• Isaiah 50:4-7 • Philippians 2:6-11 • Luke 19:28-40 • 6 Lent C ‘13/ Palms •
Print PDF: Weekly Homily 03.24.2013
In the 1970’s Oscar Romero was named archbishop of San Salvador in Central America. He was a quiet and introverted person, certainly considered safe by the Vatican and civil authorities in San Salvador. A cruel military government plagued the country and death squads roamed freely exterminating the poor and the powerless. As the violence increased, Romero began to speak out on behalf of and in defense of the poor and powerless. He denounced the violence of his own government. His popularity increased. When he preached crowds filled the cathedral or gathered around radios. He foresaw the possibility of his own death and spoke of it often. On one occasion he remarked, “I do not believe in death without resurrection. If they kill me, I shall rise again in the Salvadoran people.” He called for soldiers to disobey when ordered to fire on innocent civilians. Soon thereafter, while celebrating Mass, he was assassinated.
Jesus came to Jerusalem for the feast of Passover. It was a three or four day walk from Galilee. We do not know what impelled him to make the trip. Perhaps he thought it was time to extend his teaching about “the reign of God” beyond Galilee. Jerusalem at Passover would be an opportune time and place for him to announce “God’s new reality” emerging among us.
He must have been aware of the risks and dangers he would encounter in Jerusalem. His message had upset some in Galilee. It was likely that in Jerusalem he would disturb both temple leaders and Roman authorities. We have no way of knowing what he was thinking or feeling on that day when he stood on the Mount of Olives looking across the Kedron Valley to Jerusalem.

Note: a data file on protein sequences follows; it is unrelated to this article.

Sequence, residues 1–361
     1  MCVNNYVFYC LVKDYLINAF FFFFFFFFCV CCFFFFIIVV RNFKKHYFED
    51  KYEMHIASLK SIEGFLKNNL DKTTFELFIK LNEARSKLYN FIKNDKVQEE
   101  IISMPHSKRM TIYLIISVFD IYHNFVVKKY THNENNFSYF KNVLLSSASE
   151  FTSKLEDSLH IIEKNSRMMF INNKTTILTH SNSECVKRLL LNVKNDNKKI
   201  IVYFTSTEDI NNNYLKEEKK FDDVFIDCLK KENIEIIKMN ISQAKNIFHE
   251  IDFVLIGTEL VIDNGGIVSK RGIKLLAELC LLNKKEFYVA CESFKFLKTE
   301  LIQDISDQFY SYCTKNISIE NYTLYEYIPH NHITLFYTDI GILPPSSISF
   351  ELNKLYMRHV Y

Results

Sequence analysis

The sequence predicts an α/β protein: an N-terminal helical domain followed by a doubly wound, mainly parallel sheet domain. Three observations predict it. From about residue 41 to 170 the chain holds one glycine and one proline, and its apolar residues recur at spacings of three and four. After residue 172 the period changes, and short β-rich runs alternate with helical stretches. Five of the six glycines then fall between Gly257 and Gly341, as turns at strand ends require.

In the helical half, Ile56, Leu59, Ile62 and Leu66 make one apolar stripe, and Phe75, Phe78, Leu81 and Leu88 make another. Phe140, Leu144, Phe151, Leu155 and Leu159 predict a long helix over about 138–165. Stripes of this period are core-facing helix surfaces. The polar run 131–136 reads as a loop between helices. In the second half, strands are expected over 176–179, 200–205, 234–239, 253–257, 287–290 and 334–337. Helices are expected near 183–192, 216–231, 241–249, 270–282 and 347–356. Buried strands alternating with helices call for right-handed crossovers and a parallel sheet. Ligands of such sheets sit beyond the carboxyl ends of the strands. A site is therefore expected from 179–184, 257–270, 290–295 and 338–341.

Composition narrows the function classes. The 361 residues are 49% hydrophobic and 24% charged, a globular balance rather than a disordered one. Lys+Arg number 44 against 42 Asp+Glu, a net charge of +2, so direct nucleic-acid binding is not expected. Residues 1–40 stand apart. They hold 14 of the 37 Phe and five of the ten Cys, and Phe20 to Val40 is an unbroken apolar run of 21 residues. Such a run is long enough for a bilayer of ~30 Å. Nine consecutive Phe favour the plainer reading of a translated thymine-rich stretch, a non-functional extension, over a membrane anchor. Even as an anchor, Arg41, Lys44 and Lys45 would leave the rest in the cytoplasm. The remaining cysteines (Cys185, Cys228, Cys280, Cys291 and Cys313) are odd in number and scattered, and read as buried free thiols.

Jesus had spoken so often of God’s love, confident God never abandons us! He called his listeners to trust in God and lived what he spoke. Now he was facing an enormous trial. Certainly his anxiety and fear must have been overpowering. Such primal instincts make all of us hesitant. He must have felt tempted to be less than his true self. It took a lot of trust to put himself in God’s hand that day. That is what he did! He sublimated his anxiety and fear, and directed the enormous energy of those instincts to maintain his spirit of nonviolence.
His struggle was the struggle faced by all of us. It is no easy task to be true to my inner self, especially when I feel overwhelmed by anxiety and fear.
Jesus of Nazareth was a typical Jew of 1st century Galilee. He was fully human as we seek to be.
As we enter Holy Week I think of the words of Archbishop Romero. “If they kill me, I shall rise again.” But Jesus of Nazareth had no idea or expectation of resurrection.
Throughout his life he was true to his inner self. Here again on the Mount of Olives we see the tenacity and audacity of his faith. His trust in God remains steadfast. He controls, sublimates and redirects the enormous energy of that primal instinct of fear boiling up within him. Of all our primal instincts, fear is perhaps the most powerful. It prompts us to be less than human, less true to who and what we are and are able to become. Fear is the generator of violence.
So Jesus and his companions entered Jerusalem. The evangelists differ in the details. All agree he was seated on a donkey. That is so symbolic. He, the innocent victim, is the prophet of nonviolence. He comes to Jerusalem with the message of “God’s new reality.”
Archbishop Romero of El Salvador understood all of this. Two hundred fifty thousand gathered for his funeral. They also understood! Now we stand with Jesus at the brow of the hill overlooking Jerusalem. Later this week we will stand with him on the hill called Calvary. Holy Week sets this prophet of nonviolence before us as a model to imitate. He is present here among us, inviting us to understand and embrace his way of nonviolence, the way of love.